Welcome to Strickler family research. I hope I didn't give you the impression that I was being overly critical of the research done by Harry M. Strickler (Forerunners) and Abigail Strickler, et al, (Stricklers of Pennsylvania). I think the research, writing and publishing that they did was remarkable. Also, while the mistakes or challenged information may be numerous, much of it is minor discrepancies such as dates and/or locations. I also have to admit that the errors were mostly not discovered by me but by others, primarily Frank Duff, to whom I always defer. Also, considering that Forerunners was written in 1924 and Stricklers of PA in 1942, it is natural to expect that additional information and corrections would become available in the many years that have passed since publication of these valuable genealogies.
A few examples from Forerunners that have been pointed out to me:
1) Abraham Strickler, also known as "The Pioneer" (page 39 of Forerunners), was not born as early as 1670, in Zurich. He was most likely born around 1694 and very likely in Amsterdam (although the family did originally came from near Lake Zurich). It follows then that he did not immigrate around 1700 but rather around 1724.
2) Daniel Strickler of Strickler Springs (pg 367) was the son of Reverend Daniel Strickler (the son of Abraham's brother Heinrich) not the son of John Strickler of Pitt Springs Bend.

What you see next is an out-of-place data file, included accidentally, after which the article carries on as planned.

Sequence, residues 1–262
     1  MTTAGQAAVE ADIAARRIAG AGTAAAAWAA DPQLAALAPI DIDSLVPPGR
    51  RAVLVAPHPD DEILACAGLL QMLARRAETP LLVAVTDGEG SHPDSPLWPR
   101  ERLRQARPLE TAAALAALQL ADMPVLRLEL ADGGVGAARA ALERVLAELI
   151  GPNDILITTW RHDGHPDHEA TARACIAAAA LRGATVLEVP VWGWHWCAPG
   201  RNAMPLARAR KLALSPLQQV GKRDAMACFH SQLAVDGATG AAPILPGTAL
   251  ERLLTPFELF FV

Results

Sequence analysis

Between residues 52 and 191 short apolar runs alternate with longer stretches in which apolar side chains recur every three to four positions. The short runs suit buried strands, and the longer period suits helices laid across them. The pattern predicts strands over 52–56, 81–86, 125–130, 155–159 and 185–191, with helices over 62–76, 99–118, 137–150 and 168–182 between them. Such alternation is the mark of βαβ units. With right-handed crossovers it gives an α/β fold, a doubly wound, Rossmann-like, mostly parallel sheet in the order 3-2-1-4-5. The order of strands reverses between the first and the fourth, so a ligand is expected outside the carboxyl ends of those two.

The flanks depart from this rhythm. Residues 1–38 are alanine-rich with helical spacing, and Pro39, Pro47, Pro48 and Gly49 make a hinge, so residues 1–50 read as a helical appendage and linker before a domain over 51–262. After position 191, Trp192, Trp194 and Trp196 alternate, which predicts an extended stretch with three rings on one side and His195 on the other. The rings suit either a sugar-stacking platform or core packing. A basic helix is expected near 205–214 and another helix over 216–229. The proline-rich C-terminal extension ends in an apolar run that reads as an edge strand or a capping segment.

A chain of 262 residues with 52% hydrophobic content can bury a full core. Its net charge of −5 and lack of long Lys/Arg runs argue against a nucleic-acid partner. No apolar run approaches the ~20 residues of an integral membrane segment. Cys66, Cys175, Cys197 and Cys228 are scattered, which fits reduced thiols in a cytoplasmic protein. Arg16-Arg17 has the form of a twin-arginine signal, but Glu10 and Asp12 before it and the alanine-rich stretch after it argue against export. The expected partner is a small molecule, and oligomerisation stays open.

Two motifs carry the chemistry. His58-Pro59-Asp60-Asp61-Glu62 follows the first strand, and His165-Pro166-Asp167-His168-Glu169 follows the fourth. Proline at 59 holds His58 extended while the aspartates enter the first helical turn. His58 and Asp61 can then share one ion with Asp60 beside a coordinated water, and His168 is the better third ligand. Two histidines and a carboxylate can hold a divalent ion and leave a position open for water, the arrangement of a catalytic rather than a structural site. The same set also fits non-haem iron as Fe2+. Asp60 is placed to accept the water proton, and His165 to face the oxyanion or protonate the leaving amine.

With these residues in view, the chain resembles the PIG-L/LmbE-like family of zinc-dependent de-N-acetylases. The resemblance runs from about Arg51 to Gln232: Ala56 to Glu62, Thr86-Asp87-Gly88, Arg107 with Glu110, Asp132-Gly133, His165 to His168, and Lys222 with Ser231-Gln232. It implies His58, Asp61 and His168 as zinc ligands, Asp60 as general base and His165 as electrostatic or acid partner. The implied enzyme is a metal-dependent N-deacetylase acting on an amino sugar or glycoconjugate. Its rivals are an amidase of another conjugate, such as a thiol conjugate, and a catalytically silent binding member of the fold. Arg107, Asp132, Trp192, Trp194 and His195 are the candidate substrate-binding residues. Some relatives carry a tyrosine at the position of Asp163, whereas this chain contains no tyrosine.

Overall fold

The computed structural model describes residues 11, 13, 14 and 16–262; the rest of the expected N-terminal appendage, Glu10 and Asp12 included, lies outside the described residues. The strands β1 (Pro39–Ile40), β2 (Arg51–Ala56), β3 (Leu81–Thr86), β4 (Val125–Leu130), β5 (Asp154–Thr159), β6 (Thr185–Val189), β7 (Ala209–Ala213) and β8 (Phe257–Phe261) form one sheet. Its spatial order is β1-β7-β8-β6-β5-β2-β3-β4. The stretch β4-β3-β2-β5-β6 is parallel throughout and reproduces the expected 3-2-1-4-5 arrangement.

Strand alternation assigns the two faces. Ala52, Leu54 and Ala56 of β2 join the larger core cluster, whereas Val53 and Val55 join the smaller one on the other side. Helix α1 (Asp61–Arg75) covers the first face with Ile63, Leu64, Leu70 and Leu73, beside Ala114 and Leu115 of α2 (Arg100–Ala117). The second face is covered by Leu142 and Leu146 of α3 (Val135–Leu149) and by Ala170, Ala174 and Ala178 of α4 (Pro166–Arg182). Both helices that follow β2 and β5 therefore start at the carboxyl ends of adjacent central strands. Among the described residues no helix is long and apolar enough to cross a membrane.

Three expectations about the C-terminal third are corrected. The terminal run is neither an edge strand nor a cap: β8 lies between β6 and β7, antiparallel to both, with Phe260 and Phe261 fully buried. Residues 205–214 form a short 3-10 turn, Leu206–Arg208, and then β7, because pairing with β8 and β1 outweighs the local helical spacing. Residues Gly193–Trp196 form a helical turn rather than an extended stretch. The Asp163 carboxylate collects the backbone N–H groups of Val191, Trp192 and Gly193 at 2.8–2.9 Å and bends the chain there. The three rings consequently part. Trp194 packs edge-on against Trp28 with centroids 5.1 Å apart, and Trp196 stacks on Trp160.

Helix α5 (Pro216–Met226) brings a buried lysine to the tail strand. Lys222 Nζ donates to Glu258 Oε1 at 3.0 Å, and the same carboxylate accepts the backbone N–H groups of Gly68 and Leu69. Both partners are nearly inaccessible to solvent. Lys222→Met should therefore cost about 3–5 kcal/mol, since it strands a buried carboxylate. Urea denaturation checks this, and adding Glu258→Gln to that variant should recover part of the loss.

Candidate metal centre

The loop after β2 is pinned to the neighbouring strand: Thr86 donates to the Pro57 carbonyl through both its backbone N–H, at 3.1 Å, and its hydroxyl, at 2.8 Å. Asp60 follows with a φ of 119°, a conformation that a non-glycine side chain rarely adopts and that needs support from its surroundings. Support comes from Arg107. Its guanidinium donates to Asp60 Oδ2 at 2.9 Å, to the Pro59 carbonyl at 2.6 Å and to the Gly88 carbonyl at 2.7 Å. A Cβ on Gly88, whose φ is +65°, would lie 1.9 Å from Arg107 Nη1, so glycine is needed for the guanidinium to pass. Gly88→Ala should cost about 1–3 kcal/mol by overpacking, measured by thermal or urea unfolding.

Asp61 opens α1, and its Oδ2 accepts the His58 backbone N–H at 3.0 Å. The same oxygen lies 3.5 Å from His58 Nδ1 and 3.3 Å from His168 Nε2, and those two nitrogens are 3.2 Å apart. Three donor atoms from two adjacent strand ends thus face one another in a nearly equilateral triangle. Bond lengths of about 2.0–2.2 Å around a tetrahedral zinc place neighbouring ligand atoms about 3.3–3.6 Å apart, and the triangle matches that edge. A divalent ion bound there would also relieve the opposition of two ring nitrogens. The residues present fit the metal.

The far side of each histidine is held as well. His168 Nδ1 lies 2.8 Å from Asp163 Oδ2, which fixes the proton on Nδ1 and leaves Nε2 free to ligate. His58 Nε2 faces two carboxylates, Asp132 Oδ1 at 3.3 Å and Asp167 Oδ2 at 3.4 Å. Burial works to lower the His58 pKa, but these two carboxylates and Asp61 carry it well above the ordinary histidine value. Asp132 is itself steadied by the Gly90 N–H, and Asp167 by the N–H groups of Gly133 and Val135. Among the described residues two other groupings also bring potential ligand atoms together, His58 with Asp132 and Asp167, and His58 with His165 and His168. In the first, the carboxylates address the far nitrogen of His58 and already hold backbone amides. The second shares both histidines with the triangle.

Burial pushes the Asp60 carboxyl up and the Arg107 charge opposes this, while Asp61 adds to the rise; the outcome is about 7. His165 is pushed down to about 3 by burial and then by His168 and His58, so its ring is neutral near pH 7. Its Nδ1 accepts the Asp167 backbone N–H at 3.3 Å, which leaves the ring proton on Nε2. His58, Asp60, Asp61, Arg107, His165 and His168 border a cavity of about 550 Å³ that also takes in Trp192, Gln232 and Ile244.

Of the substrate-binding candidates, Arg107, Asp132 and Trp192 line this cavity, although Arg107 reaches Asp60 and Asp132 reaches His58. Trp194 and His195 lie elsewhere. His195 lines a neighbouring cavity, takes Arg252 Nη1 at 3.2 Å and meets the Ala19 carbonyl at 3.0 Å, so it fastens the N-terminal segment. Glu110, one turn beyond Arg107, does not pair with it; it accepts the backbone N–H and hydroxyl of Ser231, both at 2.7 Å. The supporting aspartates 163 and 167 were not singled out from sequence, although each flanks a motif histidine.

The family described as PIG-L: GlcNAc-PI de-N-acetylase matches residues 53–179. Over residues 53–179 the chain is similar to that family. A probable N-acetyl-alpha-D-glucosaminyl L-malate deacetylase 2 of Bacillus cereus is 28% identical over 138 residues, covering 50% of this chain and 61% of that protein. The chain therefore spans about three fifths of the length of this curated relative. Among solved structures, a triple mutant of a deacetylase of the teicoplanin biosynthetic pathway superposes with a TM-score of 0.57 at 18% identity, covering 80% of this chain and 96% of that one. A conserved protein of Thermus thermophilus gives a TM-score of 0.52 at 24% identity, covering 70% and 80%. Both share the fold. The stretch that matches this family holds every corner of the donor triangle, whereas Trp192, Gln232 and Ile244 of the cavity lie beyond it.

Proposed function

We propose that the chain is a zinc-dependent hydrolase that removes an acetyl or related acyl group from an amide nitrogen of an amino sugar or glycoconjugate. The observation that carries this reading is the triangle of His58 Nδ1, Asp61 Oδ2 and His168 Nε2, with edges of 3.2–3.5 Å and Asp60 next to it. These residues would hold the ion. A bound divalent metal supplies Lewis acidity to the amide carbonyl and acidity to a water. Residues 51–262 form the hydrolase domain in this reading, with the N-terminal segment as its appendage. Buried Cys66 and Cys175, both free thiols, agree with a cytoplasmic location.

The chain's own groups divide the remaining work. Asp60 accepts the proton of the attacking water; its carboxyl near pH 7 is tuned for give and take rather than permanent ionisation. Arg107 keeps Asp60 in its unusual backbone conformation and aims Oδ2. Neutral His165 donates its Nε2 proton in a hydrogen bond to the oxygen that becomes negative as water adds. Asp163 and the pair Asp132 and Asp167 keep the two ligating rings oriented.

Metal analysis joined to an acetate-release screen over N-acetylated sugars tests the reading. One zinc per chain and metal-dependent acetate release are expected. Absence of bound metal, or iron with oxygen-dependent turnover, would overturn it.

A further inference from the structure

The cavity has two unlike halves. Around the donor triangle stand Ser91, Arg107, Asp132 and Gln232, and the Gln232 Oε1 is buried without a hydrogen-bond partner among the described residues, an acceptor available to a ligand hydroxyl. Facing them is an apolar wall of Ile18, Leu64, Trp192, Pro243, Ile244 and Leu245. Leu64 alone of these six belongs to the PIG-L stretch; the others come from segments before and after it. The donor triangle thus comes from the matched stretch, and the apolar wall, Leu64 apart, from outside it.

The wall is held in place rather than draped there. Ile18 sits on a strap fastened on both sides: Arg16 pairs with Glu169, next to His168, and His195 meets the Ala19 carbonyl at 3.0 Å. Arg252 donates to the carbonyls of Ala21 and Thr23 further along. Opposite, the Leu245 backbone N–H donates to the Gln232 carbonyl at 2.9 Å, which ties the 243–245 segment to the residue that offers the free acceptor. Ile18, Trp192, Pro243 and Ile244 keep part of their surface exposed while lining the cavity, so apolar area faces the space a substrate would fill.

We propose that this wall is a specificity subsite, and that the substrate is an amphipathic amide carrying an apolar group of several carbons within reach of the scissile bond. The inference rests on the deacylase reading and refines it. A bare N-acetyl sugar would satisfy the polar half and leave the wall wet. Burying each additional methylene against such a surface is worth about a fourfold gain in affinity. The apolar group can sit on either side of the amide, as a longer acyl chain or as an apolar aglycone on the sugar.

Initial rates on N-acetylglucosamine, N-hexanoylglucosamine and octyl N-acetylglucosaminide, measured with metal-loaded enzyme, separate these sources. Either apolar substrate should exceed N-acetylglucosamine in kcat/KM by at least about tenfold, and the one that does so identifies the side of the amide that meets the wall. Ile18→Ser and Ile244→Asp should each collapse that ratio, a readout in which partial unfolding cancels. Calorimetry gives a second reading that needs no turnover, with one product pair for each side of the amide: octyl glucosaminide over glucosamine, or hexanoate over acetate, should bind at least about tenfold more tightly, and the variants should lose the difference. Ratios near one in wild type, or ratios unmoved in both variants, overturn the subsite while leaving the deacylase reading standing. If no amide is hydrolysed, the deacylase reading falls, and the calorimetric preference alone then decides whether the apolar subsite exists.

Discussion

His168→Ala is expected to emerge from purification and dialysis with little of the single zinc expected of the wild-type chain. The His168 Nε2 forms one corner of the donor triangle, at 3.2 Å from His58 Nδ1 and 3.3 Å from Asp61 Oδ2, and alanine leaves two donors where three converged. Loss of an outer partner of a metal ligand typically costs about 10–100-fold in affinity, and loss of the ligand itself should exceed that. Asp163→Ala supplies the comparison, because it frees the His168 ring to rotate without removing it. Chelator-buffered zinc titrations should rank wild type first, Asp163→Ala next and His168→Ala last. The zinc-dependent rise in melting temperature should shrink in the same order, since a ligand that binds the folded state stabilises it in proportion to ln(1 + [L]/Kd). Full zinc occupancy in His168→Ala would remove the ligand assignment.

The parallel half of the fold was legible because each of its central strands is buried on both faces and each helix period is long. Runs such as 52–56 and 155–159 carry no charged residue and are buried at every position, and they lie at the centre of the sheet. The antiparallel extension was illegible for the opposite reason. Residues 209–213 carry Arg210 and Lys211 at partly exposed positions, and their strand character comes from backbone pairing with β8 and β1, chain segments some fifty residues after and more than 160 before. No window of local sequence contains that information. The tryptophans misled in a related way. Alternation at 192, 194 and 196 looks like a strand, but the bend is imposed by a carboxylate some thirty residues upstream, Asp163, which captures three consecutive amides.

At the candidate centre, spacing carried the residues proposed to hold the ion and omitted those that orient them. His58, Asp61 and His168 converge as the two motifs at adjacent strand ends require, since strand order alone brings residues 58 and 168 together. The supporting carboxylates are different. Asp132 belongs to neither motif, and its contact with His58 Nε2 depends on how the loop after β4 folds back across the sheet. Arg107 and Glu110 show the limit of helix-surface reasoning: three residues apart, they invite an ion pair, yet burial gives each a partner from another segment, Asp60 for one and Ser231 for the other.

3) Jacob Strickler (pg. 369) was not the eldest son of Daniel Strickler of Strickler Springs, but was the youngest son of the Reverend Daniel Strickler.
4) I realize that Harry is primarily concerned with the descendants of Abraham Strickler, but, Heinrich Strickler is conspicously absent from Forerunners. Although several of his progeny are mentioned, Harry was unable to uncover this major branch of the Strickler family in America. Conrad is mentioned only in passing, and the other immigrant Strickler brothers, Hans Jacob and Ulrich are not mentioned. Ulrich's branch of the family is also well documented.
5) The meaning of the name Strickler (pg 14). Harry suggest that Strickler is a variation on the German word Sticker (or Stricker) which means to weave or knit. He close but we now know that the name derives from the name of the path or road that leads from Lake Zurich to the surrounding hills. The road was called the "Strick" which does translate literally to string or rope (or thread or yarn used in knitting or weaving as Harry said). The suffix "ler" was added to refer to any of the residents who lived on or near the Strick. Strickler means "of the Strick" and refers to the location of where they lived not their occupation.